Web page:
Don't Miss a Thing
Free Updates by Email

Enter your email address


preview  |  powered by FeedBlitz

RSS Feeds

Share |

Facebook: Seth's Facebook
Twitter: @thisissethsblog

Search

Google


WWW SETH'S BLOG

SETH'S BOOKS

Seth Godin has written 12 bestsellers that have been translated into 33 languages

The complete list of online retailers

Bonus stuff!

or click on a title below to see the list

all.marketers.tell.stories

All Marketers Tell Stories

Seth's most important book about the art of marketing

ONLINE:

IN STORES:

free.prize.inside

Free Prize Inside

The practical sequel to Purple Cow

ONLINE:

IN STORES:

linchpin

Linchpin

An instant bestseller, the book that brings all of Seth's ideas together.

ONLINE:

IN STORES:

meatball.sundae

Meatball Sundae

Why the internet works (and doesn't) for your business. And vice versa.

ONLINE:

IN STORES:

permission.marketing

Permission Marketing

The classic Named "Best Business Book" by Fortune.

ONLINE:

IN STORES:

poke.the.box

Poke The Box

The latest book, Poke The Box is a call to action about the initiative you're taking - in your job or in your life, and Seth once again breaks the traditional publishing model by releasing it through The Domino Project.

ONLINE:

IN STORES:

purple.cow

Purple Cow

The worldwide bestseller. Essential reading about remarkable products and services.

ONLINE:

IN STORES:

small.is.the.new.big

Small is the New Big

A long book filled with short pieces from Fast Company and the blog. Guaranteed to make you think.

ONLINE:

IN STORES:

survival.is.not.enough

Survival is Not Enough

Seth's worst seller and personal favorite. Change. How it works (and doesn't).

ONLINE:

IN STORES:

the.big.moo

The Big Moo

All for charity. Includes original work from Malcolm Gladwell, Tom Peters and Promise Phelon.

ONLINE:

IN STORES:

the.big.red.fez

The Big Red Fez

Top 5 Amazon ebestseller for a year. All about web sites that work.

ONLINE:

IN STORES:

the.dip

The Dip

A short book about quitting and being the best in the world. It's about life, not just marketing.

ONLINE:

IN STORES:

the.icarus.deception

The Icarus Deception

Seth's most personal book, a look at the end of the industrial economy and what happens next.

ONLINE:

IN STORES:

tribes

Tribes

"Book of the year," a perennial bestseller about leading, connecting and creating movements.

ONLINE:

IN STORES:

unleashing.the.ideavirus

Unleashing the Ideavirus

More than 3,000,000 copies downloaded, perhaps the most important book to read about creating ideas that spread.

ONLINE:

IN STORES:

v.is.for.vulnerable

V Is For Vulnerable

A short, illustrated, kids-like book that takes the last chapter of Icarus and turns it into something worth sharing.

ONLINE:

IN STORES:

we.are.all.weird

We Are All Weird

The end of mass and how you can succeed by delighting a niche.

ONLINE:

IN STORES:

whatcha.gonna.do.with.that.duck

Whatcha Gonna Do With That Duck?

The sequel to Small is the New Big. More than 600 pages of the best of Seth's blog.

ONLINE:

IN STORES:


THE DIP BLOG by Seth Godin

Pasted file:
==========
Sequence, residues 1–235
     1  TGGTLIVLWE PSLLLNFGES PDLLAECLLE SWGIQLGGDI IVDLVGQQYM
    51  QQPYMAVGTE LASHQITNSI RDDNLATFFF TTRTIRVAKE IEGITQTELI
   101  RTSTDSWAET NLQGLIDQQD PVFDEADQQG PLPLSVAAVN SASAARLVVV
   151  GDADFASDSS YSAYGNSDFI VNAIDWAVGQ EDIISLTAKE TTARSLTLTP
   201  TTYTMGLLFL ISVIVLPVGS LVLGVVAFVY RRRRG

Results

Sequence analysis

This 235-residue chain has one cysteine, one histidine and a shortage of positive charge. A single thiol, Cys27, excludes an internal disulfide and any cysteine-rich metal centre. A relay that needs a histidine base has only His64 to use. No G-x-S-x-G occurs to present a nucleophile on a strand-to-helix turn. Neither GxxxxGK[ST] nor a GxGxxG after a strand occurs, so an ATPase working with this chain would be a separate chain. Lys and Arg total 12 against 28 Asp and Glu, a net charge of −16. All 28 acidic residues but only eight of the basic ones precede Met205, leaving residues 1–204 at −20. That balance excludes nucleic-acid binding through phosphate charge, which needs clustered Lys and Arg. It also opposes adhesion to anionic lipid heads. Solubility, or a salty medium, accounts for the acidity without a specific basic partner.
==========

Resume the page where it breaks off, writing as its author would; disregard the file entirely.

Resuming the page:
All Marketers Are Liars Blog




Blog powered by TypePad
Member since 08/2003

« | Main | Best summary yet of Purple Cow »

It's easy to be mean

New trend in business journalism: muckraking, innuendo, schadenfreude, snide remarks and cynicism.

From today's New York Times (Fast Company takes a senseless beating, including plenty of editorial opinion from the writer) to most of the leading business magazines, we're seeing exactly the same thing. The search for the scoop. The rush to demonstrate journalistic chops by refusing to accept anything at face value. The division of the world into good and bad, mostly bad.

The thing is, this is lazy journalism. It's lazy to take potshots at the head of a car company or to search for yet another one of Martha Stewart's bad habits. The reason it's lazy is simple: if you get your facts even close to right, the reader is with you all the way. It's easy to persuade people to be negative, easy to get them to pay attention to gossip, easy to defend yourself as a crusading journalist.

This, of course, is the same sort of laziness that led the very same magazines and papers to overdose on the hype just three years ago. Those stories were effervescent and glowing, but they involved just as little real understanding as today's "exposes" do.

Do you know what's hard? It's hard to be inspirational. It's hard to really understand the lessons (positive and negative) in a story and present them in a way that actually persuades, not just titillates.

Are you ready to rush out the newsstand to buy a magazine that shows us, once and for all, how some Boston real estate was insanely overpriced or how Larry Ellison isn't actually as smart as this very same magazine told you he was two years ago? I'm not.

I don't know about you, but I'm a sucker for an article that actually educates, or even better, inspires. Inspires me to do more, try harder, dig deeper, be more positive and persist longer. C'mon guys, I implore my colleagues, don't be so lazy. We deserve better.

[go ahead and forward this article to your favorite magazine! Here are some email addresses:
letters@nytimes.com
loop@fastcompany.com
letters@fortune.com
Business Week
Forbes
wsjcontact@dowjones.com

TrackBack

TrackBack URL for this entry:
http://www.typepad.com/services/trackback/6a00d83451b31569e200d83537613c69e2

Listed below are links to weblogs that reference :

« | Main | Best summary yet of Purple Cow »